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Florida State quarterback Jameis Winston's lawyer says that the Heisman Trophy winner will cooperate will a Title IX investigation being conducted by the school regarding rape allegations against Winston.

Winston's lawyer confirmed his participation in the school's investigator in a letter, reports ESPN. Winston was accused of raping a Florida State student in 2012, but after an investigation Florida's State Attorney's Office declined to file charges against Winston citing a lack of evidence. But after the U.S. Department of Education launched an investigation into the school's handling of the allegations, Florida State began their own investigation into the incident.

What is Title IX and what does it do?

Arizona Cardinals running back Jonathan Dwyer became the latest NFL player to face criminal charges after he was arrested Wednesday and charged with aggravated assault.

The arrest stems from a pair of incidents in July when Dwyer allegedly assaulted a woman and an 18-month-old child at his Phoenix home, reports ESPN. The arrest also comes less than a week after another NFL running back, Adrian Peterson, was indicted for child abuse after allegedly injuring his 4-year-old son and amid the continuing controversy surrounding the recently released video footage of Baltimore Ravens running back Ray Rice punching his wife in an elevator earlier this year.

What are the details behind the NFL's latest off-field troubles?

Pro football and the U.S. Constitution are not typically mentioned in the same sentence, let alone the same blog post.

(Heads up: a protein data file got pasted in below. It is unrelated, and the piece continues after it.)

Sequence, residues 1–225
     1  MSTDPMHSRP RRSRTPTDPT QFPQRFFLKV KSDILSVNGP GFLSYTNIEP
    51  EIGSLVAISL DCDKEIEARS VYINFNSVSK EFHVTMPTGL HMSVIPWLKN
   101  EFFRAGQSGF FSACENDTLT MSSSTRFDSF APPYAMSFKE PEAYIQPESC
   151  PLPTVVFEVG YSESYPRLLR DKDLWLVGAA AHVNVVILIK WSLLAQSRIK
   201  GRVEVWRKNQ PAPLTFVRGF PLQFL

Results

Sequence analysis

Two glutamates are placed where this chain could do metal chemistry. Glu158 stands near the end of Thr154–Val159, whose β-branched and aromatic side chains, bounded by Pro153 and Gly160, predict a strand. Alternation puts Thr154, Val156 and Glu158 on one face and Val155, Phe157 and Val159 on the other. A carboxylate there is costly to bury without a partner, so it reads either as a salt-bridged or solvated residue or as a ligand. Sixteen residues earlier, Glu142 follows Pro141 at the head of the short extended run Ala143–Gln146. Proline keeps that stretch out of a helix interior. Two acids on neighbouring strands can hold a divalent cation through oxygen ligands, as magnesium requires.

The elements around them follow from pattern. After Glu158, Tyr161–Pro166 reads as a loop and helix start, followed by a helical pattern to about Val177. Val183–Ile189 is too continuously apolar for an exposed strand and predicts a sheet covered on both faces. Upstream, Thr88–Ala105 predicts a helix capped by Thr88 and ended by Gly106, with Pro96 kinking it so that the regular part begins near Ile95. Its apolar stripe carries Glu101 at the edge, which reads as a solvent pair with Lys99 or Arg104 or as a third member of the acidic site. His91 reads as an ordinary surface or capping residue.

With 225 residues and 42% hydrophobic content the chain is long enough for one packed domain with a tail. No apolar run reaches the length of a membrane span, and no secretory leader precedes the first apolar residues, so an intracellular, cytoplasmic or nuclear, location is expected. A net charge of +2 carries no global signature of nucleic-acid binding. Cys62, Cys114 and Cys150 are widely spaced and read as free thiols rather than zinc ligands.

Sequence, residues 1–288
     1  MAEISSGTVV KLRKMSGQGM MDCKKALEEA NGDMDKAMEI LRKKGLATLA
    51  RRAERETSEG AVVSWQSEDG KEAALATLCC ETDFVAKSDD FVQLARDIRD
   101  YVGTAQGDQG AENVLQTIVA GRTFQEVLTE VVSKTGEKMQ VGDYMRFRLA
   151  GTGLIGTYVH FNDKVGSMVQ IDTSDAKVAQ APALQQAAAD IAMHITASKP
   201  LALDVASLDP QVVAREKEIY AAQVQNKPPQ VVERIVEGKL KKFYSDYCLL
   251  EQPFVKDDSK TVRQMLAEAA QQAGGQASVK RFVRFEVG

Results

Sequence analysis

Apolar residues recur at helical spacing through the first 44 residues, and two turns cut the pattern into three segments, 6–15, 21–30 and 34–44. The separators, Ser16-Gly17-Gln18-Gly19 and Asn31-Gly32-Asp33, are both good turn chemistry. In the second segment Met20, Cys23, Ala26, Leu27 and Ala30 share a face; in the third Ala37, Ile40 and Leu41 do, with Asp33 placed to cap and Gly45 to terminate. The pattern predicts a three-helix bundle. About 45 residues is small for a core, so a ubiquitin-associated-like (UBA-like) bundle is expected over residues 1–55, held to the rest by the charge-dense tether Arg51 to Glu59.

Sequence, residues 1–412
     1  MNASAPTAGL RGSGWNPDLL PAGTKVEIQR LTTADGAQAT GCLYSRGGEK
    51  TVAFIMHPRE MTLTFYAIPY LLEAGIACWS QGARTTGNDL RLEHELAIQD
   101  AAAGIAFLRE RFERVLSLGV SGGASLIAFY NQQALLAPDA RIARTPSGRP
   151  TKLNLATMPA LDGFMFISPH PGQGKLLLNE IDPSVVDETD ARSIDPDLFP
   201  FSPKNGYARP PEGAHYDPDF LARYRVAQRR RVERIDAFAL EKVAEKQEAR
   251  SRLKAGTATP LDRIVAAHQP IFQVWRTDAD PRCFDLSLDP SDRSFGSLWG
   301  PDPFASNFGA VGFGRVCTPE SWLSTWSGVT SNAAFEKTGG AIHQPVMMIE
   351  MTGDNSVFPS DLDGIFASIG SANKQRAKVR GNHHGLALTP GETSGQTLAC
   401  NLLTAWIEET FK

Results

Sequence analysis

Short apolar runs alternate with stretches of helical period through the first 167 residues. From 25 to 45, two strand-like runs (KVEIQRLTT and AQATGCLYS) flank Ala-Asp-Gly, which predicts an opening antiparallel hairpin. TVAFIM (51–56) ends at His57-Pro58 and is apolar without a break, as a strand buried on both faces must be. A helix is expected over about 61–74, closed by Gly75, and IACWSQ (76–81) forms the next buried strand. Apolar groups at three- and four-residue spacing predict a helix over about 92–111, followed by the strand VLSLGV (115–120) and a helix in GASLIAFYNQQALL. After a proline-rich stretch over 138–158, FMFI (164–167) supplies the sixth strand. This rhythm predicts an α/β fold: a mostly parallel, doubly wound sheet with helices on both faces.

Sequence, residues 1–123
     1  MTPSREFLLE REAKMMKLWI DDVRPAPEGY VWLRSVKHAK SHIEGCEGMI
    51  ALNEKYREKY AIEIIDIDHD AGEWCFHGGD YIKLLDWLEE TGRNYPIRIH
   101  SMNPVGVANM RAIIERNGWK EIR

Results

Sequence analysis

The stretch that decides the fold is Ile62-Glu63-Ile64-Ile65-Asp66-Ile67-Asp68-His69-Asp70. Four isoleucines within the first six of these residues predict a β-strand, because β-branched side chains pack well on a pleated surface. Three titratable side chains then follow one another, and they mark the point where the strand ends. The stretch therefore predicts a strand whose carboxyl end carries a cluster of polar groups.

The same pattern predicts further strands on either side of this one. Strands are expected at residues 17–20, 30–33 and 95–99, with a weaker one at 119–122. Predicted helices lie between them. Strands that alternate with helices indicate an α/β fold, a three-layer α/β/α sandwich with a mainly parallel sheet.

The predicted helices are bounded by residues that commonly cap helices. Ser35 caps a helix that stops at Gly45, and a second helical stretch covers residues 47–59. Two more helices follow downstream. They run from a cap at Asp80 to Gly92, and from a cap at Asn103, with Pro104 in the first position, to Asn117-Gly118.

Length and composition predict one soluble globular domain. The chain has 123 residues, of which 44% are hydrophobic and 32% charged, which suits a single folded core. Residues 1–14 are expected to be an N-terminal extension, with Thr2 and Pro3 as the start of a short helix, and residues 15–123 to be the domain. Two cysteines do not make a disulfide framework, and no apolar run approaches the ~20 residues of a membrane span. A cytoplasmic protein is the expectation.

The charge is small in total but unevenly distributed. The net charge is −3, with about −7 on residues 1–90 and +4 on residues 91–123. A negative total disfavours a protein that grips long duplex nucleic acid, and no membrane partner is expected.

But with a recent string of NFL players being hit with criminal charges for their conduct off the field -- including all-pro running back Adrian Peterson, who was indicted on child abuse charges over the weekend -- the constitutional concept of due process has entered the football lexicon. The phrase has been used by team officials to explain why players charged with crimes, such as 49ers defensive lineman Ray McDonald, have remained on the field, as well as by players fighting suspensions for their off-the-field conduct, like Ravens running back Ray Rice.

So what exactly is due process? And how does it apply to NFL players facing serious criminal charges?

Football star Adrian Peterson was booked and released from a Texas jail over the weekend after being indicted on charges of negligent injury to a child.

Peterson's indictment follows an investigation into injuries suffered by Peterson's 4-year-old son when the Minnesota Vikings running back allegedly disciplined the boy, reports Houston's KILT radio. Peterson admitted to police that he twice gave the boy a "whooping" with a "switch" -- a colloquialism for striking someone with a tree branch stripped of its leaves -- and told police he felt "very confident with my actions because I know my intent."

Police, however, believe Peterson took his discipline too far, crossing the line into child abuse.

Seven ex-NFL players have lost their appeal to stop a settlement between the NFL and concussion victims and their families.